“Software Freedom” shouldn’t mean “use free software or else.” It should mean you are free to use the software you choose.
I have the Chrome web browser running full-screen on my Ubuntu desktop. Not Chromium, but proprietary Chrome — because it suits my needs better than open source Chromium. I also like Chrome better than Firefox, and I say this after using only Firefox for a week and trying hard to like it.
Some of this may be habit. We humans tend to prefer the familiar to the unfamiliar, and I’ll admit that I have gotten used to Chrome and its features.
This does not mean that I consider all or even most proprietary software better than open source or free software. Not even close! I am, for example, a long-time (and highly satisfied) Gimp user, and the few times I have tried to use Photoshop on friends’ computers I was totally confused.
For day-to-day text and HTML editing, Bluefish is my all-time favorite. And what I purely love when I’m doing work that has a lot of cut and paste in it, such as extensive quotes or (typical for me) a lot of links, is the combination of Bluefish and Linux-style (or Unix-style) “highlight/paste” without the bothersome intermediate Windows step of highlight/SELECT/paste.
I know there are a million “writers’ programs” out there. But most of the time, all I want is simple and fast, and a good selection of premade HTML tags I can click into my document.
Which, of course, leads me to LibreOffice, which I use when I need to read or edit something made in Microsoft Office. I’ve followed (and used) this ever-improving program since it was StarOffice. It was frustrating to use back then, but it’s smooth as Teflon now. And free software? TEN-FOUR, BAY-BEE!
Sound: I love Audacity, and use it regularly. Improvement in Audacity since I started using it has been amazing. It is now, in my opinion, far superior to most proprietary alternatives.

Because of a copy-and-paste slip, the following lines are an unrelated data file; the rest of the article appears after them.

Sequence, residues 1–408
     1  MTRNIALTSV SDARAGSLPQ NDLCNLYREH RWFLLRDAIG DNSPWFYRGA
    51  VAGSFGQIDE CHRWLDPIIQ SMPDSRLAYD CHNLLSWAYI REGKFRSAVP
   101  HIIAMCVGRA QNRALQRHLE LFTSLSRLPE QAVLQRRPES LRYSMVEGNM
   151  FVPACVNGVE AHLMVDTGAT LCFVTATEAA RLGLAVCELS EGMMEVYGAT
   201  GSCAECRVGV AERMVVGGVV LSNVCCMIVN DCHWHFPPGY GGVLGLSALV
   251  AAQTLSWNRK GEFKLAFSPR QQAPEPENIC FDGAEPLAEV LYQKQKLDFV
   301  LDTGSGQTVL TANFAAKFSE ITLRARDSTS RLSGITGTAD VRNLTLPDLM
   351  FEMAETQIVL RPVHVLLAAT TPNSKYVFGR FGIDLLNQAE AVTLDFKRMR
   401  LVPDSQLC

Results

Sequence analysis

And now we come to the first question I ask before selecting a program: Will it do what I need to do without a lot of fuss and muss?
For video editing, my favorite program is proprietary, Windows-only Vegas. Every year or two I try the most popular FOSS video editors, and so far — in my opinion — they have only been good for very simple edits, roughly equivalent to Windows Movie Maker. I’ve been sick (and hospitalized twice) in the last couple of years, so I’m behind on a lot of things I should have already done, and checking the latest Linux and/or FOSS video editors is one of those things. Now I’m starting to gear up for a new round of video software reviews. Coming soon, possibly even starting next week…
…but back to the main topic. Only after I identify software that fills my needs do I start to shop for licenses. I went through a phase, years ago, where I would only do things with my computer that I could do with free software. That meant, if all interesting videos were Flash, I couldn’t watch videos. Games? I’ve never been an on-screen gamer, but I’ve watched with amusement as many ardent free software types would admit, forlornly, that they loved their (ultra-proprietary) game consoles or that they had a Windows partition — only for gaming, of course.
I’m not this kind of hypocrite. I’m a pragmatic computer user. I use free software wherever I can, and open source as my #2 preference. But the main thing is that the software I use must be able to do the job.
About video editing software: I use and like Vegas. I now use the “consumer” version because it’s better than the Pro version was half a dozen years ago. A Mac (Book Pro) recently fell into my hands so I’m messing with Final Cut because it’s “the” industry standard until you hit the big-time and use Avid. But same as always, I would like to use non-proprietary video editing software on a non-proprietary operating system, so I’m getting ready for another round of reviews. And so, my question for you: What FOSS video editing software should I try?
Robin “Roblimo” Miller is a freelance writer and former editor-in-chief at Open Source Technology Group, the company that owned SourceForge, freshmeat, Linux.com, NewsForge, ThinkGeek and Slashdot, and until recently served as a video editor at Slashdot. Now he’s mostly retired, but still works part-time as an editorial consultant for Grid Dynamics, and (obviously) writes for FOSS Force.